However, there was a problem. Only a few of the ones I messaged replied me. I dug deeper and wondered why.....I thought I had many qualities most men would desire....but their profiles revealed the answer I needed. The majority of white men who were well educated with at least a Bachelor’s degree, professionals and had high position jobs and the intellect that were deal breakers for me were looking for other white women and Asian women! Occasionally, a few added Hispanic women. Their profiles said it clearly. They were not interested in dating black women regardless of the woman’s looks or intellect or other qualities. Just NO to black Women.
There were actually a few profiles that even clearly said-if you’re a black woman, don’t message me. Wow!! Harsh and unbelievable! But then I had no interest in Nigerian men either, right, so I couldn't judge them? Or could I? Ooooook, I thought to myself. This is the racism and prejudice I experienced in the UK in my career; now showing itself in the dating world in the US. I started to remember what all my friends and colleagues at Bronx Lebanon hospital-my residency program had warned me about....”Iyabo, Atlanta is very racist. You’ll experience lots of prejudice there. Stay in New York. You’ll like it better here”. This is what they were talking about. But some other people had said Atlanta had one of the highest number of progressive, wealthy, highly educated, professional blacks in the country. Where were those black men that fit that description? Certainly not on match.com. I did not see them on that dating site! Where were they?
Well, there was nothing I could do now. I couldn’t relocate just because of love. My daughters were in school in Atlanta and I actually loved everything else about the city.
I finally did get a reply back from a lovely Caucasian man who was originally from the west coast and had just moved to Atlanta. We had a beautiful relationship for four years but I knew it would not lead to marriage, so we ended it. He was a Godsend, brought lots of laughter to my life, and we traveled a lot together. He helped me heal from my divorce, and I really experienced what true, loving relationships should be like....but there were some reasons I knew I wouldn’t be happy married to him, so I broke it off before it went too far.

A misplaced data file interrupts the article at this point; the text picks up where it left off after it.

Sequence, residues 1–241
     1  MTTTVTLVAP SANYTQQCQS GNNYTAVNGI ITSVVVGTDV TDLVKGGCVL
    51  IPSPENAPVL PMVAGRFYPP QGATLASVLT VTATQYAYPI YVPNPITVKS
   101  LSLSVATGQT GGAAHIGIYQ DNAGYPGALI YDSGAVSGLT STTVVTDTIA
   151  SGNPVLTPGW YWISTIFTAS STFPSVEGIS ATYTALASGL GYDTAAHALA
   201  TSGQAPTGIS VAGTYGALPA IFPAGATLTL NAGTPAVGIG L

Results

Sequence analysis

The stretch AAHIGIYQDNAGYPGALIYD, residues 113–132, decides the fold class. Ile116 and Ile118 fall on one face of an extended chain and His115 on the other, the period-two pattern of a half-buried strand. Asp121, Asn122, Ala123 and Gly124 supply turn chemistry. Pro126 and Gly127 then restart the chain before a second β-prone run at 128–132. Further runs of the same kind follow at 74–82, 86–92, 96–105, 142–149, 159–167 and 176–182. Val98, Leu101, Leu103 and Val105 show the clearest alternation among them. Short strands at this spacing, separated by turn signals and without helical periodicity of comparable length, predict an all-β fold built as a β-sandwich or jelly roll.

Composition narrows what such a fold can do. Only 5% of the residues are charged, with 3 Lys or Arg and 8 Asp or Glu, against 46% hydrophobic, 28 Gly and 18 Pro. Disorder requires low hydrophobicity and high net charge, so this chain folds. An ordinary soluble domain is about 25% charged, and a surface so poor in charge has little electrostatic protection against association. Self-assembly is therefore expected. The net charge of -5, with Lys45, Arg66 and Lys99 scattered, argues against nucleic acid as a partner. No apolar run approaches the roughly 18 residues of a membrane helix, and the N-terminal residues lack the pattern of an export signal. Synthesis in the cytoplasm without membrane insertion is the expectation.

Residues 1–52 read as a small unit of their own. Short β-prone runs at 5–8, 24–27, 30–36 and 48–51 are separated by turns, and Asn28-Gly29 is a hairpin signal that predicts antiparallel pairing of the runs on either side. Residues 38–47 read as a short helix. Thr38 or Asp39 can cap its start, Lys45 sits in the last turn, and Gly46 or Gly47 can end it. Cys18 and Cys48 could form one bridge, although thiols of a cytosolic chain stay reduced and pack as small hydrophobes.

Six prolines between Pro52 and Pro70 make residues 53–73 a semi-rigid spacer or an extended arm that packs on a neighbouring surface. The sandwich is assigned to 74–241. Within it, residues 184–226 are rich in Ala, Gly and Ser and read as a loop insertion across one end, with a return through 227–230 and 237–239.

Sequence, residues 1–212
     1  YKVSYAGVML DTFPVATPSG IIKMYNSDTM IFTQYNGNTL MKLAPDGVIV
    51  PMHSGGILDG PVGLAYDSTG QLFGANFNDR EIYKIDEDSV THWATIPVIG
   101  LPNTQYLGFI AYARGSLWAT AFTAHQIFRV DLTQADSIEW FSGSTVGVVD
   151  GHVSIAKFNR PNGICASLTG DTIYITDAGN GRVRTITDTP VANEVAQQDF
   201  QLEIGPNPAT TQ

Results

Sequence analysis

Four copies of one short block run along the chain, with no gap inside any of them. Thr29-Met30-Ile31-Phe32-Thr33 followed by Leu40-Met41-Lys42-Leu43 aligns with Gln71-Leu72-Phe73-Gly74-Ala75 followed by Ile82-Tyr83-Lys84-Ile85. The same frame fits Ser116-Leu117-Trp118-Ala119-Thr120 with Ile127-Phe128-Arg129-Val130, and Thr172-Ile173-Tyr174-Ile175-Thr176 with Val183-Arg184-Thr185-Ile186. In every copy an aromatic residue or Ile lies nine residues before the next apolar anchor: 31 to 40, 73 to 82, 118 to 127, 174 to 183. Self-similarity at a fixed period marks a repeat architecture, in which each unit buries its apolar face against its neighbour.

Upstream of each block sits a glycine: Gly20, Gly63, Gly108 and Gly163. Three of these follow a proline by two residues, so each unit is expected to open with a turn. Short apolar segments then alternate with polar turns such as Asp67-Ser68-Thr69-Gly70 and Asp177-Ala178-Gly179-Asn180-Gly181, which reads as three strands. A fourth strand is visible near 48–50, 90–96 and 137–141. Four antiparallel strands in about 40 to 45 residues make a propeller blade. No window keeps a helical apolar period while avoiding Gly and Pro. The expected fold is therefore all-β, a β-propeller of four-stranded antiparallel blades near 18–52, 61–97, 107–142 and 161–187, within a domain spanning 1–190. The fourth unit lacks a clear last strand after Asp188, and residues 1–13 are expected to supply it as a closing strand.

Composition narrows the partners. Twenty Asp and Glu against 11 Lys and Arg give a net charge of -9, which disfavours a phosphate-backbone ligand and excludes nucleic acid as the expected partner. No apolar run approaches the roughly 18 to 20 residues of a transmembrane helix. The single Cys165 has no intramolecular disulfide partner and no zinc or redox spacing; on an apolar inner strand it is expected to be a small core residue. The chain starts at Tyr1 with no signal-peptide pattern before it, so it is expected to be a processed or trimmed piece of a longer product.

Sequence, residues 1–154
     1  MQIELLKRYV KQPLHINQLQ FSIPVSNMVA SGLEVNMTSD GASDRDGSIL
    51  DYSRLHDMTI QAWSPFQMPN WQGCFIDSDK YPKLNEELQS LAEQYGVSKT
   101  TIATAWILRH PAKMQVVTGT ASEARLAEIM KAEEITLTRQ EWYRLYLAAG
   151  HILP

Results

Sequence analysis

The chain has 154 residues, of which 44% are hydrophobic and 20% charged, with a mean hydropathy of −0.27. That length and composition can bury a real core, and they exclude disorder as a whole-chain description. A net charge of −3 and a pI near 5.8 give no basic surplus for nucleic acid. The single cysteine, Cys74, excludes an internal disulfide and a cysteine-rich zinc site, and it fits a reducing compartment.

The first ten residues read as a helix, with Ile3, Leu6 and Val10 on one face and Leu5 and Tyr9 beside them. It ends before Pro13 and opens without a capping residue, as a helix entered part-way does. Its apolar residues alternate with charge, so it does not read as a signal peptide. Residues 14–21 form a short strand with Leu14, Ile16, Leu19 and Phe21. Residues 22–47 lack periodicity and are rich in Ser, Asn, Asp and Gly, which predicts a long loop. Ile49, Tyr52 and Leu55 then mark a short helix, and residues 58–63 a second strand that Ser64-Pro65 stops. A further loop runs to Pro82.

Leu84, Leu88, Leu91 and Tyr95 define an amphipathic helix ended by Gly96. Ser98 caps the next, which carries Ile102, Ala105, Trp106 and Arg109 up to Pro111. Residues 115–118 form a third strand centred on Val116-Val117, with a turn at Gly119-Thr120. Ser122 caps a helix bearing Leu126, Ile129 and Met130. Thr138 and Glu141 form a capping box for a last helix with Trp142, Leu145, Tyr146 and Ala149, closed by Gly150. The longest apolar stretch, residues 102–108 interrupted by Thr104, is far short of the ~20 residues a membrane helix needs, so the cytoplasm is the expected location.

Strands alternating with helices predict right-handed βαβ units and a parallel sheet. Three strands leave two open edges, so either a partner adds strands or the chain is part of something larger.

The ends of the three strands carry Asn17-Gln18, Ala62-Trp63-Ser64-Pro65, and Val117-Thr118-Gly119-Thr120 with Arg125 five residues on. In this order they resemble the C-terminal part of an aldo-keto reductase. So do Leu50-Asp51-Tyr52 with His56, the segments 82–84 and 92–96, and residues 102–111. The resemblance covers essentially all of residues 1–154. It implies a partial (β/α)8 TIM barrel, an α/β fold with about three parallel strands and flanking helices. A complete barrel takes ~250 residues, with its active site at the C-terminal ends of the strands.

After that relationship ended in 2014, I really introspected about what I needed in a marriage partner. I then joined Match again but had a few relationships here and there....all with white men, but none really was who or what I wanted.
Again the racism in dating, and the shocking reality that as a successful black female professional, our choices in men were limited, was a rude awakening. My deal breakers were a man of high intellect and my academic equal, with at least a Bachelor’s, preferably an advanced degree. Well traveled and with a global perspective, and in good physical shape. I was not attracted at all to overweight men, and high intellect was key for me. Those were my needs and must haves. My wants were tall and lean, and a man who was divorced and had kids. So, this combination was hard to find in Atlanta. There were a few black men who fit this but they were mostly in the sports or entertainment profession and I was not attracted to men in either profession. There were some southern white men who fit the profile I was looking for, but they clearly were not comfortable with having a black girlfriend, talk less of a black wife. I dated a few of them but they always seemed to go back to their southern white girlfriends. I’ll never forget the white man who I was chatting with on match who then requested to connect with me on LinkedIn. I accepted his request and he sent me this DM on LinkedIn: “You are everything I’d like to have in a woman, but too bad you’re black”. Yes!! He said that in his message. Wowww!! I got the shock of my life. I understand that many white men think that, but to have said it out loud in a message?? Shocking! Needless to say, I blocked him immediately. There was no response I could write to him that would fully express my thoughts and feelings about his ignorant and rude message.